The Compassionate Care Act has passed the Assembly four times, and nearly 90 percent of New York voters support the bill according to a recent Quinnipiac poll. While there are more than enough votes to pass the bill, Senate leadership has refused to bring the bill up for a vote. Senator Savino (D-North Shore/Brooklyn), the sponsor of the Compassionate Care Act in Senate, is hosting a legislative roundtable this morning to educate lawmakers about the details of the proposal, which would create the nation's most tightly regulated medical marijuana program in the country.
Dozens of experts, patients, and caregivers are testifying at the roundtable, pleading for the immediate passage of the bill.
"The Compassionate Care Act has strong bipartisan support," said Kate Hintz of North Salem, whose daughter Morgan suffers from a rare and devastating seizure disorder. "The senate has delayed long enough. On behalf of Morgan and all the other seriously ill New Yorkers who need this medication, I urge the Senate to pass this bill immediately."
"I'm speaking at the public hearing today on behalf of veterans," said Amy Rising, an Air Force and Global War on Terror veteran from Ithaca. "Thousands of soldiers have served this country in these wars and now suffer from post traumatic stress, traumatic brain injuries, and phantom pains due to lost limbs. They deserve to have access to medical cannabis, which we know to alleviate many of these conditions without the harmful side effects that come with prescriptions, without fearing arrest or loss of their children, and/or the loss of their benefits."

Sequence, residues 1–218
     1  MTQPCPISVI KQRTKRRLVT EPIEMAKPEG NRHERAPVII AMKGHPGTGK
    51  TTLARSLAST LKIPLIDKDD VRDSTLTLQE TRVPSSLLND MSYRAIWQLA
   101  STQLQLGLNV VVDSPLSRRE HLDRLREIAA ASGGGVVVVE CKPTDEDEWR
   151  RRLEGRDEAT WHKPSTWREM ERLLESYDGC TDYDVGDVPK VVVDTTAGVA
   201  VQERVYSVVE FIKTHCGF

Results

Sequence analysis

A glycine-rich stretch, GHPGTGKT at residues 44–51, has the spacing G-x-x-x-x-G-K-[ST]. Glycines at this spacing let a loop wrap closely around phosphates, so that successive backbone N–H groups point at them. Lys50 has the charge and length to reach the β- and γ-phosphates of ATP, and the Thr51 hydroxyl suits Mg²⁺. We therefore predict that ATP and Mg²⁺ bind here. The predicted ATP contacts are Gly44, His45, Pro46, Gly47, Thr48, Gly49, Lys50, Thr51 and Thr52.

The public hearing and patient lobby day are part of the March for Compassion -- actions and events across the state to educate New Yorkers about medical cannabis and build support for the bill. As part of the month-long series of events, public forums are being held across the state. A forum in Buffalo on Monday saw a standing-room-only crowd. The public forums continue tonight in Latham, tomorrow in Mineola, and next week in Brooklyn and Syracuse.
The events are being organized by Compassionate Care NY - a coalition of over 1,000 patients and caregivers, 650 physicians, nearly 70 endorsing organizations, and over 10,000 supporters. The Coalition is releasing a series of videos about patients, families, and the effort to pass the Compassionate Care Act.
"The Senate has run out of excuses for holding up this bill," said gabriel sayegh, director of the Drug Policy Alliance's New York Office. "Patients need relief, the science is clear according to medical experts like Dr. Sanjay Gupta and Physicians for Compassionate Care NY, Senators from both sides of the aisle are ready to vote "yes," and a super majority of New York voters support it. Good grief, what else do the Senate Co-Leaders need? It's time to stop the needless suffering. It's time to pass the Compassionate Care Act."